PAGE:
A few weeks ago, my 12-year old cousin asked me an important question.
“Isabella, what’s the point of just writing bad stuff about your school all the time? Don’t people get mad at you?”
When I came to Penn, there wasn’t much I had control over. Who my hallmates would be, what clubs I’d get into, the centipedes in the Quad (luckily no mold), the food at 1920 Commons, whether I’d catch the freshman flu. But I did have a very specific idea of what I wanted my social life to look like. And none of it ended up panning out. One thing did stick, though.
I’ve been a columnist for The Daily Pennsylvanian for a year and a half. I can say with confidence that I was fearless in that role. I took it seriously. I relentlessly pursued stories I cared about. I spent Friday nights on the phone with sources, fell asleep transcribing interviews, and sent rambling text messages to my dad, telling him about my next big piece.
I quickly became known as the “lonely girl,” and later the “sorority rush girl.” On the weekends, people would stop me at parties to give half-hearted compliments about my DP columns, assuring me that their freshman years were hard too. Then they’d walk away and take shots of Bankers.
At Penn, we’re so obsessed with dwelling on the negative — the Psychology midterm, a friendship gone awry, finding a summer internship — that we forget to appreciate what we have. People have strong opinions about me, often ones that aren’t very nice, but I’m lucky that they even know who I am. So many people go through Penn anonymous. I had a platform to voice my concerns, and I was heard.
Now, I’m growing up. I have a new job. Starting next semester, I’m going to be the Opinion Editor of the DP. Instead of developing my own takes every week, I will give other people the opportunity I needed so desperately when I was a freshman.
I responded to my cousin with one word that my editor Harry reminded me of on countless occasions when I doubted myself: accountability.
Journalism is all about accountability. I held a lot of people and organizations accountable and stimulated change and conversation that made this campus a better place. As an editor, I am going to give that gift to other people.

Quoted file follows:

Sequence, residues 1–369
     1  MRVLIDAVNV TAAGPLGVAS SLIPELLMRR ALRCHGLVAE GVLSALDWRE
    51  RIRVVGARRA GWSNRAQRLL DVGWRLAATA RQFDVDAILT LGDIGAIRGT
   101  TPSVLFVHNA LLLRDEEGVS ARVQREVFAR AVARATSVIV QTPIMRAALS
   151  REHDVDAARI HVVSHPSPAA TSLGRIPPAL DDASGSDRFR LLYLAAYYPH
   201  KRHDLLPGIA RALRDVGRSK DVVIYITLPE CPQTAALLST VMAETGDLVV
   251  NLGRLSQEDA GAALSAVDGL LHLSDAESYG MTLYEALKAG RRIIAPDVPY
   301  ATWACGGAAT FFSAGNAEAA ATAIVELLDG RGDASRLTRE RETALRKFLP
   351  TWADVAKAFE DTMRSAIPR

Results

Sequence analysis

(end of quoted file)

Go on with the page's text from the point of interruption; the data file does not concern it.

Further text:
Without the DP, I wouldn’t be a student at Penn. I became disillusioned with the culture here very quickly: the gross displays of wealth, the binge drinking, the cries for improved mental health resources left unanswered. I almost transferred schools. My column, my editor, and the friendships I made along the way were my lifelines. They kept me here.
I love the DP, but this message transcends one student organization. Take the time to do what excites you. In a school that’s filled with competition and negativity, it is rare to have something or someone that reminds you why you’re here. Take advantage of it, and don’t let it pass you by.
As I retire my weekly column, I think about the stories I didn’t get to tell, the people I pissed off, and the way I'm going to do the best job I can in my new role.
On one of my first nights at Penn, right after Convocation, I went to the DP office at 4015 Walnut St. for my first edit. I didn’t know anyone. Still, I watched people linger over desktops, tirelessly editing photos, laying out the paper, fact-checking articles — all in service of a product we care about. That’s when I knew I had a place here, and that I would be sticking around.
ISABELLA SIMONETTI is a College sophomore from New York studying English. Her email address is email@example.com. Follow her on Twitter @thesimonetti.
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